Publications by authors named "Yavuz Ince"

4 Publications

  • Page 1 of 1

Window to His World: Using a Patient's YouTube Channel to Help Diagnose Chronic Mania.

J Psychiatr Pract 2020 07;26(4):324-328

INCE, STREETER: Department of Psychiatry and Behavioral Neurosciences, Wayne State University, Detroit, MI MAKSIMOWSKI: Department of Psychiatry and Behavioral Neurosciences, Wayne State University, and John D. Dingell VA Medical Center, Detroit, MI.

Although chronic mania has been investigated, with several case reports and systematic retrospective cohort studies in the literature, it not a widely recognized entity. No specific definition for chronic mania is provided in the fifth edition of the Diagnostic and Statistical Manual of Mental Disorders (DSM-5). Furthermore, it is challenging to identify patients with chronic mania unless they come to the attention of the legal or medical system. We present the case of a manic patient who was hospitalized and subsequently found to have a YouTube channel that he had been using to promote his self-invented religion for over 2 years. Consent was obtained from the patient to review this YouTube channel for collateral information. From these videos, the patient was seen to be chronically circumstantial in his thought processes, grandiose in his ideas, highly energetic, distractible, preoccupied with religion, and talking with elaborate and rapid speech. A significant improvement in his symptoms was observed after administration of oral risperidone, with his scores on the Young Mania Rating Scale and Brief Psychiatric Rating Scale also showing improvement. To our knowledge, this is the first case in the literature in which an online video-sharing service was used longitudinally to facilitate diagnosis of a mental illness. We suggest that technology has great potential to improve our diagnostic tools, especially for disorders such as chronic mania the diagnosis of which relies primarily on self-report and collateral information.
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http://dx.doi.org/10.1097/PRA.0000000000000479DOI Listing
July 2020

A low cost training phantom model for radio-guided localization techniques in occult breast lesions.

J Surg Oncol 2015 Sep 6;112(4):449-51. Epub 2015 Aug 6.

Women's Cancer Center, Dana-Farber/Brigham and Women's Hospital, Harvard Medical School, Boston, Massachusetts.

Radio-guided localization (RGL) for identifying occult breast lesions has been widely accepted as an alternative technique to other localization methods, including those using wire guidance. An appropriate phantom model would be an invaluable tool for practitioners interested in learning the technique of RGL prior to clinical application. The aim of this study was to devise an inexpensive and reproducible training phantom model for RGL. We developed a simple RGL phantom model imitating an occult breast lesion from inexpensive supplies including a pimento olive, a green pea and a turkey breast. The phantom was constructed for a total cost of less than $20 and prepared in approximately 10 min. After the first model's construction, we constructed approximately 25 additional models and demonstrated that the model design was easily reproducible. The RGL phantom is a time- and cost-effective model that accurately simulates the RGL technique for non-palpable breast lesions. Future studies are warranted to further validate this model as an effective teaching tool.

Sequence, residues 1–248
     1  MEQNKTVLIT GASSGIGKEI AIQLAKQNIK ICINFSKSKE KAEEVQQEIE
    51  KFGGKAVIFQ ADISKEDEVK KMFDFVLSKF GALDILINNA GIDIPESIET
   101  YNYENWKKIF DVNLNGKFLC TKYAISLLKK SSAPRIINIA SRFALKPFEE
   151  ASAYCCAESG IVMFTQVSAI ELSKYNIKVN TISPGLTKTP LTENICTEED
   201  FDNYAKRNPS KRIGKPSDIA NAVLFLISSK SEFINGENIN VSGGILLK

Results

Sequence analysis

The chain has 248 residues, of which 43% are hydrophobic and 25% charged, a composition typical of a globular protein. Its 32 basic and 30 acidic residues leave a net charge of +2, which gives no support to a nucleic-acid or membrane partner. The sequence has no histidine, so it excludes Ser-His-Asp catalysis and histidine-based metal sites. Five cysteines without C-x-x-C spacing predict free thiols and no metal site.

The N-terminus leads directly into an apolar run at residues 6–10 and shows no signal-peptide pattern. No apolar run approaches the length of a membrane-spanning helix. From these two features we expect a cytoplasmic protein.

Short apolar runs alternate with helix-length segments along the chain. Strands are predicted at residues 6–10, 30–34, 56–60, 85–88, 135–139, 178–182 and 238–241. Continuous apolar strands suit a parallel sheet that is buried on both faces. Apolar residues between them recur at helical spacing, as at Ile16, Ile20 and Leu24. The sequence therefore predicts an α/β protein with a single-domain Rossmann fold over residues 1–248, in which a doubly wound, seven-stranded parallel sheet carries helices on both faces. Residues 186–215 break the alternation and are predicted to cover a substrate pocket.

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http://dx.doi.org/10.1002/jso.23984DOI Listing
http://www.ncbi.nlm.nih.gov/pmc/articles/PMC4583351PMC
September 2015

Crimean-Congo hemorrhagic fever infections reported by ProMED.

Int J Infect Dis 2014 Sep 16;26:44-6. Epub 2014 Jun 16.

Infectious Diseases Department, School of Medicine, Koc University, Istanbul, Turkey. Electronic address:

Objective: There are limited sources describing the global burden of emerging diseases. We reviewed the Crimean-Congo hemorrhagic fever virus (CCHFV) infections reported by ProMED and assessed the reliability of the data retrieved compared to published reports. We evaluated the effectiveness of ProMED as a source of epidemiological data by focusing on CCHFV infections.

Methods: Using the keywords "Crimean Congo hemorrhagic fever" and "Crimean Congo" in the ProMED search engine, we reviewed all the information about the news and harvested data using a structured form, including year, country, gender, occupation, the number of infected individuals, and the number of fatal cases.

Results: We identified 383 entries reported between January 1998 and October 2013. A total 3426 infected cases were reported, with 451 fatal cases, giving an overall case fatality rate (CFR) of 13%. Out of 144 cases for which the gender was reported, 97 (67%) were male. Most of the cases were reported from Turkey, followed by Russia, Iran, Pakistan, and Afghanistan.

Conclusions: Case reporting systems such as ProMED are useful to gather information and synthesize knowledge on the emerging infections. Although certain areas need to be improved, ProMED provided good information about Crimean-Congo hemorrhagic fever.
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http://dx.doi.org/10.1016/j.ijid.2014.04.005DOI Listing
September 2014

To grow or not to grow, That is the question.

Surg Neurol Int 2013 31;4(Suppl 1):S407-10. Epub 2013 Oct 31.

Department of Neurological Surgery, University of California, San Francisco, CA, USA.

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http://dx.doi.org/10.4103/2152-7806.120882DOI Listing
http://www.ncbi.nlm.nih.gov/pmc/articles/PMC3868976PMC
December 2013